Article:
Iman Muhammad Sheikha seems to cling to the memory of her son as she describes, in minute detail, the moments surrounding his electrocution.
She explains how Ahmad knocked into a high voltage cable just outside their home — one of thousands that form a deadly web over the streets of their home in Beirut’s densely packed Burj al-Barajneh Palestinian camp.
She details the power cut that afflicted the local hospital, trapping the barely-alive 20-year-old in an elevator for 15 minutes and preventing him from reaching much needed medical assistance. He died four days later.
“There is no reason [for how we are treated],” she said. “The Palestinians didn’t invade anyone here for us to be treated in this way - it’s like living in a prison.”
Blueprint for change
A furtive step towards greater rights for Palestinians in Lebanon like Iman Muhammad Sheikha has prompted both hope and cynicism among a community used to being forced to the fringes of society.
For the first time, all but one of the country’s numerous political parties gave the nod to a blueprint calling for a rethink over how to treat Palestinian refugees.
Meanwhile, the first ever census of Palestinians in Lebanon will - its proponents argue - offer the tools needed to begin these improvements.
While some welcome the developments, others are somewhat more skeptical.
Poor living conditions
Dozens have died in recent years from poor living conditions at refugee camps that many of the estimated 300,000-400,000 Palestinians and Palestinian Syrians in Lebanon live in.
Poverty rates have been estimated to be at 65 percent, and 90 percent for Palestinian refugees from Syria — yet sympathy and solidarity for Palestinians in Lebanon isn’t always easy to come by.
Forced into Lebanon during the creation of Israel in 1948, there were concerns that Palestinians would give up their dream of returning to their homeland if they were given the rights of full Lebanese citizens. Some Palestinian groups in Lebanon’s civil war also supported this policy.
As a result, while they may build in refugee camps like this one, Palestinians cannot own property in Lebanon. While some here may find ways to earn a living, laws exclude Palestinians from many professions.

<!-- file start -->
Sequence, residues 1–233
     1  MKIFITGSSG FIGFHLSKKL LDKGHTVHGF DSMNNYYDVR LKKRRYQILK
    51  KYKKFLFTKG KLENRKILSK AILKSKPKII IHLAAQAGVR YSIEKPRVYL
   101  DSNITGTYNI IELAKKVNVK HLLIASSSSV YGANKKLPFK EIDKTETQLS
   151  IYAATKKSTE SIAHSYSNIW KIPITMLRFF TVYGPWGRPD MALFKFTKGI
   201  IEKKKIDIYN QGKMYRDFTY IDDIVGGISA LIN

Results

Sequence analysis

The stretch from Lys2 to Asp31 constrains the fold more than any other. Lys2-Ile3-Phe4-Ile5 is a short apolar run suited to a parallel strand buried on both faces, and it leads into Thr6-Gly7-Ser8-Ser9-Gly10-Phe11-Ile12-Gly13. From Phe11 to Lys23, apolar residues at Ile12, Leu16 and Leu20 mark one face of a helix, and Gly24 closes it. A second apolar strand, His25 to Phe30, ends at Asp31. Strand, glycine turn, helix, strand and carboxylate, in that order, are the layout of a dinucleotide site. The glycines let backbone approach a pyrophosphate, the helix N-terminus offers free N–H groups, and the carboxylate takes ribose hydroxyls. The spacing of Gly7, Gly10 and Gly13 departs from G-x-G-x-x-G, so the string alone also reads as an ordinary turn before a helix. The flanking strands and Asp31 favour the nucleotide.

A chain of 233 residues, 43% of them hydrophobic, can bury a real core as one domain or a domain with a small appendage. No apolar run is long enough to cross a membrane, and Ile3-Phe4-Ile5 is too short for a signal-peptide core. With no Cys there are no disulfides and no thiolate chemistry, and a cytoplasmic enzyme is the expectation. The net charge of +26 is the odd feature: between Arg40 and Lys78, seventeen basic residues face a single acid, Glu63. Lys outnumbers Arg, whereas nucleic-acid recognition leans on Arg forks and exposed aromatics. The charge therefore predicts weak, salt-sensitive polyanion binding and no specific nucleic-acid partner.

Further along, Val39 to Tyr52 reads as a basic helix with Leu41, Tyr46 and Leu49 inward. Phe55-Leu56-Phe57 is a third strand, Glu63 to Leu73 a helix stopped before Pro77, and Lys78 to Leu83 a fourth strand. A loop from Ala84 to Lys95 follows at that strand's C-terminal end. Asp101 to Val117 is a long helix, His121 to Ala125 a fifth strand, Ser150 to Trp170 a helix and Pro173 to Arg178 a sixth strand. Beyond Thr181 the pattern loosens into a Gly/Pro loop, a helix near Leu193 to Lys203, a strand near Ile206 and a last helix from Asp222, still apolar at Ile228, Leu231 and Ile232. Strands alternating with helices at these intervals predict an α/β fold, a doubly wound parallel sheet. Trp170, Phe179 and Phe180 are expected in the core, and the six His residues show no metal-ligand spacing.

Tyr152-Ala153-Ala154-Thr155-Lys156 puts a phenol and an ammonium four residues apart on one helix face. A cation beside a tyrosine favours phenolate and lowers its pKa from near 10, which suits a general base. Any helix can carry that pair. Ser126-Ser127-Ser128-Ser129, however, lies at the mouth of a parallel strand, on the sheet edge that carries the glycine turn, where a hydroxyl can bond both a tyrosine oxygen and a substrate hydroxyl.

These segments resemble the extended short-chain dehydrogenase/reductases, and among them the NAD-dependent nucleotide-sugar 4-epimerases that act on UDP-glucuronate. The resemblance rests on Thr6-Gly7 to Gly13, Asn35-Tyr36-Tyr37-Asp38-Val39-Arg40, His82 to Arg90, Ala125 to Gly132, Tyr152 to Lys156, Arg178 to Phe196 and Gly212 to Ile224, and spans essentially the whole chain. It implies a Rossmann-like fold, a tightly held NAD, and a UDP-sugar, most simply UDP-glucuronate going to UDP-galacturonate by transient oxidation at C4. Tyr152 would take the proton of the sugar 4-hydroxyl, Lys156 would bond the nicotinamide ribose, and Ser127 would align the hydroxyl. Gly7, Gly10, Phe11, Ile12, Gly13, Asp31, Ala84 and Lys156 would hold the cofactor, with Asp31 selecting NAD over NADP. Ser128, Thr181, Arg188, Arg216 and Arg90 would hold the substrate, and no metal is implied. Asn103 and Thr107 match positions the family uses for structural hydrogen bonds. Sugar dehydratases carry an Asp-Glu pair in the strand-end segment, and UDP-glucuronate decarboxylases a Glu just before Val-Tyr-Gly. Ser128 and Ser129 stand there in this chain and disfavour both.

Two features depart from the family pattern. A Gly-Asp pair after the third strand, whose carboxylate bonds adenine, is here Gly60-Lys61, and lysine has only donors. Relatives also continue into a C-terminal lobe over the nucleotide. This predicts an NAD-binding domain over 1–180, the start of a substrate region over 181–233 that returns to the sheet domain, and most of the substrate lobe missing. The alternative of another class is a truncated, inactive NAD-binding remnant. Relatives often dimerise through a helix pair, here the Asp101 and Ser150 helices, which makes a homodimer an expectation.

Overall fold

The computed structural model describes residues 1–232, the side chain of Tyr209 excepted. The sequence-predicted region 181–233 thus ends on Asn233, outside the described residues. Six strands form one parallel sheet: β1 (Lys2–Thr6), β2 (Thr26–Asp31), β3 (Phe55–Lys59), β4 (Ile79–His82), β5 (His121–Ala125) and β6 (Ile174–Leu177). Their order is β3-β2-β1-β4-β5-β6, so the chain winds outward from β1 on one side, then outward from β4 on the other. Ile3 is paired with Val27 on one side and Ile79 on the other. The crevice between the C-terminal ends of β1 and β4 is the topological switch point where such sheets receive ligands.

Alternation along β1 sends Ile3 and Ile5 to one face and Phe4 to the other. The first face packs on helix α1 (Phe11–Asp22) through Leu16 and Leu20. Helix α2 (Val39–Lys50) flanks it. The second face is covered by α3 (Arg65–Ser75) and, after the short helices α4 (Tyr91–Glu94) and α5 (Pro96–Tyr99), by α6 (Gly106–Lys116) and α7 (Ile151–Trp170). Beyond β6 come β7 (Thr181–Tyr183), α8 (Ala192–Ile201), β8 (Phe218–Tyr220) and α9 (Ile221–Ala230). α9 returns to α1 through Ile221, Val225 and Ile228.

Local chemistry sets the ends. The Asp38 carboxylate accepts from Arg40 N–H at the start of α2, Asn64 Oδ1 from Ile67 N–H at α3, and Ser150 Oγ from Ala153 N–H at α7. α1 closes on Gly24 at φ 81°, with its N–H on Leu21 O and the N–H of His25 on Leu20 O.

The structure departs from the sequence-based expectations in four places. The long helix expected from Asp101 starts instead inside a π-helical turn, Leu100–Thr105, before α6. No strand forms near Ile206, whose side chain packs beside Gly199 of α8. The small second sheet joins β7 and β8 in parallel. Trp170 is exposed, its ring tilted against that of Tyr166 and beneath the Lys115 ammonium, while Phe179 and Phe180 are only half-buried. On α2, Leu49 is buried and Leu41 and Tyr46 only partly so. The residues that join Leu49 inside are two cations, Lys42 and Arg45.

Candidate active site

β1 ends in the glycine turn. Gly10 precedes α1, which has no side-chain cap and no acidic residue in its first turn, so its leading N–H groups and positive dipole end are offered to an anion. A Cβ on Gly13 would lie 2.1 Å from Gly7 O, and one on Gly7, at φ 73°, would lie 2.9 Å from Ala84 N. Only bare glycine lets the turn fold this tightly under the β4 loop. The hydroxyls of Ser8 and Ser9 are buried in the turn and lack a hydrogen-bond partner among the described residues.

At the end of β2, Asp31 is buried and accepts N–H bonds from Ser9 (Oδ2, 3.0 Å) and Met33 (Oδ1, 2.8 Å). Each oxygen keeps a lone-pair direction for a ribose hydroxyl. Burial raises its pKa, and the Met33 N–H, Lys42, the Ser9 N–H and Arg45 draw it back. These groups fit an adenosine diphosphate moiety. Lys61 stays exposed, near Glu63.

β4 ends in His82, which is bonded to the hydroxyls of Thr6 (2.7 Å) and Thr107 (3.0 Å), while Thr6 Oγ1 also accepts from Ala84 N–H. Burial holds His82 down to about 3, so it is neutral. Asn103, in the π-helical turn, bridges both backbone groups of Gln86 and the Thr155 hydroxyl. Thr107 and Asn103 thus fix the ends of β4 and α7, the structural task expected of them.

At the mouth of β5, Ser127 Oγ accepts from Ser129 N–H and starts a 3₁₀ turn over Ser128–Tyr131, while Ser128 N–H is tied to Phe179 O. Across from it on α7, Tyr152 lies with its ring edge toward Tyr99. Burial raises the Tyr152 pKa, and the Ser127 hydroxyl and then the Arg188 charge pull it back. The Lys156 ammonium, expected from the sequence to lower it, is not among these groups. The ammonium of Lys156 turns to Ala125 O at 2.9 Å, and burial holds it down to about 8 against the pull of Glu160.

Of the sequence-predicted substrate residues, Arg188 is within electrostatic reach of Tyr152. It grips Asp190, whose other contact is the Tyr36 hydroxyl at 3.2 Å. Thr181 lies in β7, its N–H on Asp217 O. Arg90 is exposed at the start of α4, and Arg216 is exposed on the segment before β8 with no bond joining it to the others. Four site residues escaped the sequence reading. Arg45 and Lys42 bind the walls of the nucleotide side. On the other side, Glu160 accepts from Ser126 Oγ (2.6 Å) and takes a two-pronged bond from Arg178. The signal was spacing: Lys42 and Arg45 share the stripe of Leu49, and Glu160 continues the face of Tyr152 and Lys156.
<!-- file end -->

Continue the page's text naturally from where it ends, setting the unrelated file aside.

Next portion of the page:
The new plan for improving Palestinian rights, enhanced by the data collected by the census, has received support from nearly all the Lebanese political parties.
The blueprint calling for improved rights has brought together politicians normally divided on the issue, claims one of the plan’s architects.
“Palestinian issues in Lebanon have long been a matter of debate and difference between politicians,” said Abdel Nasser al-Ayi, project manager for the government-backed Lebanese Palestinian Dialogue Committee (LPDC), which was involved in the creation of the report and the census.
In addition to getting behind the plan, in February Lebanon's Speaker of Parliament Nabih Berri went to Tehran and expressed his support for Palestine, the right of return, and against the occupation.
Lebanese officials were also quick to express their solidarity with Palestinian Authority President Mahmoud Abbas when he visited Lebanon that same month; all were vocal in condemning the occupation, continued settlement building and Israeli aggression on Palestinian territory.
But public display of supports aside, some feel the leaders entirely ignore the legitimate grievances of Palestinians. Some say the top priority for the Lebanese government continues to be security in the Palestinian camps, leading some to question whether anything will really change for the refugees.
Some are skeptical
Mahmoud Hanafi, from the Palestinian Association for Human Rights, is among the skeptics.
He points out that the new plan was drawn up only by Lebanese politicians, though those behind it do claim to work closely with Palestinian groups.
“The committee’s main object is to help the government, not to support Palestinians,” he told VOA, claiming it effectively offers a fig leaf for the government against criticism that it was not helping Palestinians.
But the UNHCR broadly welcomed the blueprint, as did UNICEF’s Nazih Yacoub, himself a Palestinian.
He said it is a sign of significant progress and added that while imperfect, the LPDC offers an important “opportunity” that bring Palestinian issues closer to the center of power."
His organization is also working with the LPDC on the census, which is expected to release its results in the next two or three months and which Yacoub says will help “set up policies regarding the social and economic conditions” of Palestinians.
Some Palestinians are suspicious of a “hidden agenda” behind the census, Yacoub admits.
When the census-takers knocked on her door in Burj al- Barajneh, Sheikha did not suspect a conspiracy — she let them in and answered their questions.
But having lost her son to camp conditions that she says continue to deteriorate, she holds little hope that the blueprint will ever become anything more than that.
“Palestinians are fleeing these camps because life has become so unbearable,” she says.
“I have no faith in the political system here.”